Destruction in Italy, and a despicable backlash towards Leslie Jones

Before I begin, allow me let my Italian brethren know that I did not forget about you.

As you are all aware, a devastating earthquake struck central Italy early Wednesday, all but destroying one town, decimating several others, and killing at least 250 people.

After discussing Louisiana’s flooding the day before, though, I thought it would be a little too demoralizing to talk about another natural disaster immediately after.

It’s tough to imagine people buried under rubble, unable to shout for help or even move. But that’s the reality in parts of Italy right now.

The only silver lining that is a common theme in these disasters is the extraordinary efforts that people will make to help the victims. Out of the ashes, there’s always a glimmer of light that shines through to remind us that people are good.

Italy earthquake.jpg

But besides the normal methods like donating blood and money, a neat response has come in a different form from Italian restaurants. Eateries across the world, like these ones in New York City,  will donate portions of their sales to the relief efforts.

So you get to eat delicious Italian food and help others. What’s better than that?

Now before I move onto my main topic, it’s absolutely worth noting that Ryan Lochte’s troubles continue. He’s now being summoned to Italy (not extradited) to testify before a Brazilian judge about his version of events from the notorious Olympics after-party fiasco that caused a stir around the world.

This is pure drama at its finest.

OK, as much as I’d love to keep discussing the Lochte Ness Monster, I want to touch on a pretty sensitive issue that’s come up this week that carries a little more cultural significance — racism against Leslie Jones.

The Saturday Night Live cast member is definitely one of those comedians that you either really enjoy, or don’t see the appeal. I’m not going to lie — whenever she makes an appearance on the show’s Weekend Update, which she does regularly, I tend to fast forward my DVR.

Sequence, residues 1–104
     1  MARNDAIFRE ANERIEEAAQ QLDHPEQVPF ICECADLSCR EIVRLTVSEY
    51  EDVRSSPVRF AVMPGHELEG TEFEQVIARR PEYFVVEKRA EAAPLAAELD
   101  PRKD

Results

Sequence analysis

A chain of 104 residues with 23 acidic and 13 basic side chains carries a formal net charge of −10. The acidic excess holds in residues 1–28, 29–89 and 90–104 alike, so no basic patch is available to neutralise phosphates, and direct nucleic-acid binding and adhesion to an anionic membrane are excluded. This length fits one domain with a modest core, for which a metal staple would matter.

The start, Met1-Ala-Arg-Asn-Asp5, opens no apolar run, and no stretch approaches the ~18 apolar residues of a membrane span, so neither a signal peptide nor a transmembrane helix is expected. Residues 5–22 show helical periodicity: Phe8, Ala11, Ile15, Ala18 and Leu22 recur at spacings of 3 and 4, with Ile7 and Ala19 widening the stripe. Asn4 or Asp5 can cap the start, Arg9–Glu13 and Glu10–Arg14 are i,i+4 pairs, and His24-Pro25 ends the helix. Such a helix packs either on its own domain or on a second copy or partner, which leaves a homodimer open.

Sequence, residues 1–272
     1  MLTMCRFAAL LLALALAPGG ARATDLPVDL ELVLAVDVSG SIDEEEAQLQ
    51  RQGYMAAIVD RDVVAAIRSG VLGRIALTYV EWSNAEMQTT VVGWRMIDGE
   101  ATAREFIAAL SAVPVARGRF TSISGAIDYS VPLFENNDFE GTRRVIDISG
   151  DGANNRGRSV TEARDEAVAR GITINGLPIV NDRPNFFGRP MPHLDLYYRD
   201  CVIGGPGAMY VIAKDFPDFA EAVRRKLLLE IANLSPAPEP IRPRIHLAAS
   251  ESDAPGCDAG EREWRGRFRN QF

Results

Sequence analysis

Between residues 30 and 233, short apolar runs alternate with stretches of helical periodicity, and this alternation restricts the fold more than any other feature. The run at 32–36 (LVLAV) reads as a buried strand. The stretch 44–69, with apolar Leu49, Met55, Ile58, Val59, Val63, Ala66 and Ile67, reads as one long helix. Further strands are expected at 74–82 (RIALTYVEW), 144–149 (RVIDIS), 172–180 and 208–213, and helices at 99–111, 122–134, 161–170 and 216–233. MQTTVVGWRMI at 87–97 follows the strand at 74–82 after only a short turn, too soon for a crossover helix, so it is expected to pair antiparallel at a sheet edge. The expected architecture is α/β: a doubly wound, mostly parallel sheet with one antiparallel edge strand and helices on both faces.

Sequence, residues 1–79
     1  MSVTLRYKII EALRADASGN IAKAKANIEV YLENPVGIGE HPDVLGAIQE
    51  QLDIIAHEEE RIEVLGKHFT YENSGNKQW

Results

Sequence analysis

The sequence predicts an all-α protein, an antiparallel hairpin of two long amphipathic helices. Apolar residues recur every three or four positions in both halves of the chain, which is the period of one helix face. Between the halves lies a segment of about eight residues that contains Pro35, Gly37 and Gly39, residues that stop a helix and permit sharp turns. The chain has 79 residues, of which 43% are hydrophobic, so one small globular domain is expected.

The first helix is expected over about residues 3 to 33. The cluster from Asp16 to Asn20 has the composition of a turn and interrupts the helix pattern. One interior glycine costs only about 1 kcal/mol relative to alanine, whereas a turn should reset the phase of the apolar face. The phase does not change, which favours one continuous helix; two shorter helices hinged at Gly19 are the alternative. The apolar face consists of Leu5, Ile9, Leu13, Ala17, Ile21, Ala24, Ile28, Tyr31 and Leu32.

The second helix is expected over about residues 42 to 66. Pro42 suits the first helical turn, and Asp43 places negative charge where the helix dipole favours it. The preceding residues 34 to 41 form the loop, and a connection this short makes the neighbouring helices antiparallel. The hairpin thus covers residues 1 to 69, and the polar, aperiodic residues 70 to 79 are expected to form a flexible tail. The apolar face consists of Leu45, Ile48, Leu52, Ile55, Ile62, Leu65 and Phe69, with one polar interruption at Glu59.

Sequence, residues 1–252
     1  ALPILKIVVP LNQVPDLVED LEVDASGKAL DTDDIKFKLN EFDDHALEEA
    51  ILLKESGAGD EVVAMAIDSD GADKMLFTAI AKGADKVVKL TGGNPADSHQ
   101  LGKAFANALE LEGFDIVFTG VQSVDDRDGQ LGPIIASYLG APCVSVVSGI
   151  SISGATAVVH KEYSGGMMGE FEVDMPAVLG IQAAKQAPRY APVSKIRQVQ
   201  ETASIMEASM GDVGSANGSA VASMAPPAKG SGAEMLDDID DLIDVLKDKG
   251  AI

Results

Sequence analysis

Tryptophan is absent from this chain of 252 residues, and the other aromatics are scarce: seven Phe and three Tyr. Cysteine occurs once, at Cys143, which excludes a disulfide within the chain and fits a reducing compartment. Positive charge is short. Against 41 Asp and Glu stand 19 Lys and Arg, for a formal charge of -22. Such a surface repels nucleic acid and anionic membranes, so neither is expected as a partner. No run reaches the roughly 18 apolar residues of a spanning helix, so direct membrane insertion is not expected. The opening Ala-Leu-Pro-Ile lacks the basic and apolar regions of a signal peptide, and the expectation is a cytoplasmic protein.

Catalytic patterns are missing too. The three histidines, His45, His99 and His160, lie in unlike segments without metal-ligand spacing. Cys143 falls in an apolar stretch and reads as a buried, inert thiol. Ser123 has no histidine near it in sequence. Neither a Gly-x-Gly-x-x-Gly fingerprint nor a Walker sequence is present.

Her shtick is pretty simple — she yells. She’s loud and abrasive. And it just doesn’t really do anything for me. But just because her comedic style is not my cup of tea doesn’t mean that I have anything against her as a person.

However, many others apparently do. I suppose that, for many, it’s hard to see Leslie Leslie Jones.jpgJones — a middle-aged black women with spiky hair — and her loud nature, and not be able to disassociate her from the color of her skin. If for no other reason because any one who yells regularly will draw a lot of attention to him or herself.

And for many in this country who still haven’t quite gotten the grasp that America is a place built on tolerance and diversity, and that all men and women are created equal — it’s caused a problem.

It’s a problem that Leslie Jones has been dealing with for quite some time. For months she’s been the victim of cyber-bullying. And this week, her site was hacked, featuring images of primates and explicit photos.

This isn’t ambiguously or even borderline racist.

People hate Leslie Jones because she is black. And that is despicable.

We wonder why our country doesn’t match up to the standards that we all think it should. We wonder where the hateful actions that occur at a certain politician’s rallies come from.

We shouldn’t wonder. It’s something that’s here, and has always been here, and if you need further evidence than just look at what’s happened to Leslie Jones.